Applications are being accepted for UConn Extension’s undergraduate summer internship program.
Students: Get paid and gain valuable in-the-field experience in your chosen discipline at an in-state Extension office location.
• Food • Health • Nutrition • Sustainability • Research • Agribusiness • Youth Education • Community Development • Marketing
Learn where Extension offices are located across the state here so you can apply to an internship.pdf that is close to where you will be living this summer.
Get paid while learning and working in a career-oriented role. Most of these roles are for an average 18-20 hours per week over the 10 week summer period with some requiring a bit of weekend and/or evening hours, although these circumstances vary by position. Some of these positions for employment are contingent upon the successful completion of a pre-employment criminal background check.
UConn Extension is the premiere public engagement program at the University of Connecticut. Extension has eight offices in strategic locations statewide as well as the Sea Grant office at the Avery Point campus and the administrative office on the Storrs campus. Extension programs cover the full spectrum of topics related to food, health and sustainability. Programs delivered by Extension reach individuals, communities, and businesses in each of the 169 municipalities across the state. Extension has approximately 100 faculty and staff in the Department of Extension with another 20 faculty and staff with partial Extension appointments in the academic departments of the UConn College of Agriculture, Health and Natural Resources.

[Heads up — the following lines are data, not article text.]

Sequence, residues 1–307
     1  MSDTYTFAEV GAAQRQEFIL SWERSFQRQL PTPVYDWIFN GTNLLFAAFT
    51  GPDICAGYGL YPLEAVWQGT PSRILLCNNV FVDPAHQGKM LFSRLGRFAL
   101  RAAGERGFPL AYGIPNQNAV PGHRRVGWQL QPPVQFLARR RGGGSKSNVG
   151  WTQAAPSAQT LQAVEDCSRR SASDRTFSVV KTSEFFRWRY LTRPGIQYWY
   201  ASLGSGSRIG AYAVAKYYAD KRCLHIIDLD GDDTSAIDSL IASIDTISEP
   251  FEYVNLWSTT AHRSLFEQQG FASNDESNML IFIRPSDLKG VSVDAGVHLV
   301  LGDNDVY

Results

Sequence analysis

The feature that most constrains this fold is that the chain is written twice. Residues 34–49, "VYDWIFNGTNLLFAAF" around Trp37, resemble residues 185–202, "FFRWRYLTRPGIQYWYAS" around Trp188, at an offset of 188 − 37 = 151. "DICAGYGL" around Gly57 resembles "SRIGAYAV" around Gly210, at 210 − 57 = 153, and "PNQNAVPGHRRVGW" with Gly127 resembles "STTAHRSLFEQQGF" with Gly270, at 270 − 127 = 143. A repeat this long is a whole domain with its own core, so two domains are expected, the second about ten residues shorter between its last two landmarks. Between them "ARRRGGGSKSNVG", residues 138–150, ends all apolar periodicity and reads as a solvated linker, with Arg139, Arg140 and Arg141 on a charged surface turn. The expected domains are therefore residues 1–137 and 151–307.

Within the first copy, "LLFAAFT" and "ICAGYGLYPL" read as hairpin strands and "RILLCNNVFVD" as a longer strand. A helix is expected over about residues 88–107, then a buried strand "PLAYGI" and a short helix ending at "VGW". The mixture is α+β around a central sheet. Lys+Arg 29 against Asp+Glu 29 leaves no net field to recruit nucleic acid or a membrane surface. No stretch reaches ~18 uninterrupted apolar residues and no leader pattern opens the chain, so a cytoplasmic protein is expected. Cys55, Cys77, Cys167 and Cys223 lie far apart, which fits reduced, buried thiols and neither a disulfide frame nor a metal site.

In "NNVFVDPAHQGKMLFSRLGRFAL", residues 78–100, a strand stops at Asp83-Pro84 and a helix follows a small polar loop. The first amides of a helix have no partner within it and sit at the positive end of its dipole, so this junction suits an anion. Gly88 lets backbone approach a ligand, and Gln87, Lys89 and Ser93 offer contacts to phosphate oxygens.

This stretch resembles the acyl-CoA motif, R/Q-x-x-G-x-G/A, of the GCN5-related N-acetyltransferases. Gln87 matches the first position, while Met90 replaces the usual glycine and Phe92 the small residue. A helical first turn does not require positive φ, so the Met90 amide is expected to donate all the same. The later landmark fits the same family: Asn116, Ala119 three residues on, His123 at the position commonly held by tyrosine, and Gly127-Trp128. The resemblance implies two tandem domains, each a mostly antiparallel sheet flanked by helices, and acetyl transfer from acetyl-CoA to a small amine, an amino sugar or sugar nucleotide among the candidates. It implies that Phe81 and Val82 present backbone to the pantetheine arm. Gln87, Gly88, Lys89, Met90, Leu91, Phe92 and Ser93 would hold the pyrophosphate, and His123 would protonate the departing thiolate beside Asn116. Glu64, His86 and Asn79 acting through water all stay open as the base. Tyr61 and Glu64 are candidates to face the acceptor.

Gregory Desautels interned with Dr. Mike Dietz of UConn Extension in the summer of 2019, working with Dr. Dietz on projects for UConn CLEAR. Gregory has continued working with Dr. Dietz on projects funded by Connecticut Sea Grant during the fall 2019 semester. In the article below, Gregory reflected on his summer internship.
Through my summer as an Extension intern at the UConn Center for Land Use Education and Research (CLEAR), I learned skills and had experiences, which may shape my future. I learned technical skills, working in GIS programs such as Arc Pro and AGOL, as well as Microsoft Excel and Google Sheets. I improved my organizational skills, learning how to manage multiple iterations and edits of data files so they could be referenced in the future. I learned how to work independently and improved my problem solving while working on projects that were challenging, and sometimes over my head. Finally, I was able to practice communicating with coworkers and supervisors.
The technical skills that I developed this summer were one of the most valuable parts of this experience. Through projects such as the Shellfishing Atlas and Campus LID Map, I had to use many of the skills developed in my previous GIS classes. Furthermore, these projects required me to work outside the confines of my previous experiences and to learn new skills, often by reading tutorials and self-teaching. In programs such as Excel, which I had previously considered myself adept, I found that there was still a lot to learn, and hands on experience was the best way to do so. I consider these experiences valuable not only for the skills learned, but also in learning how to teach myself. In my career, I expect there will be times when I do not know how to solve a problem and I will need to use all the resources available to learn how to solve it.
Organizational skills, specifically in reference to managing files for GIS were one of the most practical skills that I developed. Through my own processes of trial and error, as well as through new iterations becoming available, I was often left with multiple seemingly identical files with small but vital differences. My previous nomenclature wasn’t sufficient to keep track of all these files, however several of my coworkers taught me how to build and manage file databases. This has allowed for a cleaner workflow and the ability to backtrack and reference previous steps, both important skills when working in GIS.
This internship was also a valuable experience in communication. In communicating with coworkers, supervisors
and faculty members, I learned to adapt my communications to them. As someone who defaults to excessive formality, I often had to tone back and learn how to match someone else’s level. I found that the formal “Thank You, double space, sincerely, double space, signature” format lauded by schools is not always practical or necessary and that being overly formal can actually hinder clear communication.